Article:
After an 11-month wait the Department for Business, Energy and Industrial Strategy (BEIS) published its response to reform corporate governance and audit on 31 May 2022. This is an important milestone on the path to reform – but it's not the finishing line.
Update: 16 June
The new FRC Chair, Sir Jan du Plessis has pledged that the FRC will hold directors to account with a version of the UK SOX proposals that government has dropped. “We will be consulting about the merit of using the corporate governance code and the audit reforms we are working on to put more pressure on boards of directors to take responsibility for their own internal controls. It won’t be Sarbanes Oxley, but it is the same idea.”
Following the three independent reviews and an extended consultation, there's a lot to digest in the 197-page response. We take a look at the key elements of controls, assurance, risk, and fraud.
The focus of this consultation has always been to restore trust, enhance accountability for those with key roles in the business ecosystem, and ensure the quality and accuracy of information companies are reporting.
While the majority of the over 600 responses endorsed the need for reform, as reported in the media over recent weeks, there were reservations about the government’s proposals from business, auditors, and investors. Specifically, concerns over cost and timing: particularly in the wake of the COVID-19 pandemic; whether the measures would be effective; and the scale of reforms putting an excess strain on audit resources.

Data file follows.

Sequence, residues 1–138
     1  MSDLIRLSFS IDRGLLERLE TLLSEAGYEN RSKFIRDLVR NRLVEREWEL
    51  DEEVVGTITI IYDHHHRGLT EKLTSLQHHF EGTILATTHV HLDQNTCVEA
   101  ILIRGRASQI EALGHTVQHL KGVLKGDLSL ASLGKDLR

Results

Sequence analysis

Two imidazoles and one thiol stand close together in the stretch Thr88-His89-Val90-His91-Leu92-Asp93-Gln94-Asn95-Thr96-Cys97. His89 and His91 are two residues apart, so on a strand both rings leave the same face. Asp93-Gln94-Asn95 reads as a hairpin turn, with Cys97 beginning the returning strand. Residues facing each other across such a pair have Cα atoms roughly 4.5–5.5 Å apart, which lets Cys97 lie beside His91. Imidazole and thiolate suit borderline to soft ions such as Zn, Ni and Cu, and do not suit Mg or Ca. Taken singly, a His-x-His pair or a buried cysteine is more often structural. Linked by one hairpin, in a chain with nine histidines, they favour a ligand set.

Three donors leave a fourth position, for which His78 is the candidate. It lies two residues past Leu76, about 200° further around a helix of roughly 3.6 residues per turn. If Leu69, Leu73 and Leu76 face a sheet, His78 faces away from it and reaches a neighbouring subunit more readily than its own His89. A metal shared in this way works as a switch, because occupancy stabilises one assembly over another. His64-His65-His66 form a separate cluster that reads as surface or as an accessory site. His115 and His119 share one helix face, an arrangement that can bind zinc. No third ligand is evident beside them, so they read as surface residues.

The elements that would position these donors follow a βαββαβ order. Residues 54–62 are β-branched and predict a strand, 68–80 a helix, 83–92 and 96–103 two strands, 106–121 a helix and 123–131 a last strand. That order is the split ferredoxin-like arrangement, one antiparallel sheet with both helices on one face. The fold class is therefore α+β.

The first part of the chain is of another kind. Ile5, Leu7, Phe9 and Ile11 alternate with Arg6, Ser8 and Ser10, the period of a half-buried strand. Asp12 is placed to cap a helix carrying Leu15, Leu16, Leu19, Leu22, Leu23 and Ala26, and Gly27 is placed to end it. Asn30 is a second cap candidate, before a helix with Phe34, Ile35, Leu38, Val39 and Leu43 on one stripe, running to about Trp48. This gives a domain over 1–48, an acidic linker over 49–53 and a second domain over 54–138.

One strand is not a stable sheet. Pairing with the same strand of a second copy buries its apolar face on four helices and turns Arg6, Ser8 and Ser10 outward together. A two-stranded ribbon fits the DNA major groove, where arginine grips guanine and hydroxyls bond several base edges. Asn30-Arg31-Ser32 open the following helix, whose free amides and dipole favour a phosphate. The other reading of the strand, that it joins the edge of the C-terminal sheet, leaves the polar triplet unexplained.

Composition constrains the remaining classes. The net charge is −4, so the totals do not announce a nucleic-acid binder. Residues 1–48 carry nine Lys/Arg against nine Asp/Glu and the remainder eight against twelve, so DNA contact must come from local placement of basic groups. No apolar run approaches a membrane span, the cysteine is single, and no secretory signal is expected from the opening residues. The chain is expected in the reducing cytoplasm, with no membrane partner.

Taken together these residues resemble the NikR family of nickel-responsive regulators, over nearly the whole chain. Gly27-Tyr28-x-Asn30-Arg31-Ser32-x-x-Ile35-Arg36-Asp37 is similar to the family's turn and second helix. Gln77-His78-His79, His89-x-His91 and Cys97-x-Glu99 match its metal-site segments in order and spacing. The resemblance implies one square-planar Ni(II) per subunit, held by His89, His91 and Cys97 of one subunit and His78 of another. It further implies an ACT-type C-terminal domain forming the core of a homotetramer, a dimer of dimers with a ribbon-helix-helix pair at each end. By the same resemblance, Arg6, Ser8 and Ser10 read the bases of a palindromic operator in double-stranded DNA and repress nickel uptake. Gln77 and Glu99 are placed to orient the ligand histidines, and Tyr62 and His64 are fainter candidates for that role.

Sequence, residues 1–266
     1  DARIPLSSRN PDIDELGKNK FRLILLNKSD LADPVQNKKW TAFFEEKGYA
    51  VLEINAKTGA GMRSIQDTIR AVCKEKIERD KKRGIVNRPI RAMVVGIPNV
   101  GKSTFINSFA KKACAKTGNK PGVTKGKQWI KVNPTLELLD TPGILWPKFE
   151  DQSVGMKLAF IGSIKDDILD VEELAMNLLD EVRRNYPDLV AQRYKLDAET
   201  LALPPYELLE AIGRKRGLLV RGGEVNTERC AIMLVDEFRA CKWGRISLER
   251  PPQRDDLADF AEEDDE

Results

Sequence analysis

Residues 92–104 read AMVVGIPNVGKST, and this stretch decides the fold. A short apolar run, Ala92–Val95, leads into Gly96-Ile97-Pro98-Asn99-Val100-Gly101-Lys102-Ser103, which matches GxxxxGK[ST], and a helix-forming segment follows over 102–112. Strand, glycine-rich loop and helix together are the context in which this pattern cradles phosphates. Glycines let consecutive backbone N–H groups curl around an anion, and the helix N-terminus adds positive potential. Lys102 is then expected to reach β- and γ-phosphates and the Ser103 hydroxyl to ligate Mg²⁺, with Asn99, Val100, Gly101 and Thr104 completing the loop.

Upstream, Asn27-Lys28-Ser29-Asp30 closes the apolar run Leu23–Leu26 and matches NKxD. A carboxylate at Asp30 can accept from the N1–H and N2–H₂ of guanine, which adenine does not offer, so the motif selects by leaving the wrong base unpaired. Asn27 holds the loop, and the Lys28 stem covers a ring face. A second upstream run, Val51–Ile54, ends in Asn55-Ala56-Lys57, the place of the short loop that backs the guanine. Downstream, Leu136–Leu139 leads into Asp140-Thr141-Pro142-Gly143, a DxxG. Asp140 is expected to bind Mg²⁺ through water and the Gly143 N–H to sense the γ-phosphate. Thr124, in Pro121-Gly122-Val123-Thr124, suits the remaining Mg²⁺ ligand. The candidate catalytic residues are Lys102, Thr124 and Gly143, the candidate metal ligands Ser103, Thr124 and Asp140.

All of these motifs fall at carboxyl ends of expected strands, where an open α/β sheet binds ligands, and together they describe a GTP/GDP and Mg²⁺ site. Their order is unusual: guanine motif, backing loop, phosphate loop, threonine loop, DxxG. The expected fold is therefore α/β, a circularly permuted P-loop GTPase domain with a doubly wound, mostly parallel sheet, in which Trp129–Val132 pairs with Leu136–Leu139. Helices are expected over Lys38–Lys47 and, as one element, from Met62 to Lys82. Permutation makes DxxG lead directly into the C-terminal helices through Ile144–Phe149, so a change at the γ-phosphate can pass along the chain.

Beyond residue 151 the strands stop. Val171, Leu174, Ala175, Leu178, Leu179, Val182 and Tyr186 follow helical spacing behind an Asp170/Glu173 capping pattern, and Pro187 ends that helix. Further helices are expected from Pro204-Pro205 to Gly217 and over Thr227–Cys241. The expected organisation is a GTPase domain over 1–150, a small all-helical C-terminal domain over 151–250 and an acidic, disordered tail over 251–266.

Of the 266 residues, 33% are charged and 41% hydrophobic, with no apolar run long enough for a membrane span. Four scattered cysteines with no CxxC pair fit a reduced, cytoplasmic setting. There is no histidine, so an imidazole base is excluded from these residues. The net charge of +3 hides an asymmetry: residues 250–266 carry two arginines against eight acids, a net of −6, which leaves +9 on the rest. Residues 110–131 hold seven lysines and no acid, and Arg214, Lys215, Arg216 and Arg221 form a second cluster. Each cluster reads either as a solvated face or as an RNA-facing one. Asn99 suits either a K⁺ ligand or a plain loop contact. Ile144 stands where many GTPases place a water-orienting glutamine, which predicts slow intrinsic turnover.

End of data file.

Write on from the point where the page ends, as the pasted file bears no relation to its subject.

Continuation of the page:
Over 70% of respondents agreed there was a case for strengthening the control framework. But there was significant divergence in views on how this should be achieved and whether this should be focused on financial or wider operational controls. Similarly, most respondents (74%) supported a directors’ statement on fraud responses and there was broad support for both the proposed Resilience Statement and Audit and Assurance Policy.
What are the key outcomes?
The government has made changes to their initial proposals on internal controls, assurance, and fraud. In key ways these are less prescriptive for business.
Practical and proportionate internal control reporting
Amid reported concerns on having to implement a UK SOX framework in recent media reports, the government has opted to focus boards on internal control matters through the ‘tried and tested approach’ of using the UK Corporate Governance Code, rather than legislate. This immediately focuses any requirements on the premium-listed market to ‘comply or explain’. The response indicates that the government wants to avoid unintentionally defaulting to a US SOX approach, where external assurance is mandatory and costly.
Further consultation is needed to reach consensus on how directors will provide comfort their statement is “soundly based”. It's then for investors to deliver the stewardship role and apply pressure where internal controls are weak or director statements on controls inadequate. The Financial Reporting Council (FRC), soon to be replaced by a newly created regulator: the Audit, Reporting and Governance Authority (ARGA), has been asked to explore with investors how to enhance the content of auditor reports on work done over internal controls.
Expanding definition of a PIE
The definition of a public interest entity (PIE) is expanding to include the most economically and systemically important companies: those with both 750 employees or more and an annual turnover of at least £750 million (up from the £500 million mentioned in the consultation).
Preventing and detecting material fraud
Building on the package of fraud measures proposed by Sir Donald Brydon, there will be an onus on directors to identify, quantify, prevent, detect, and remediate fraud risk exposures and to report on the steps taken.
Scope of wider assurance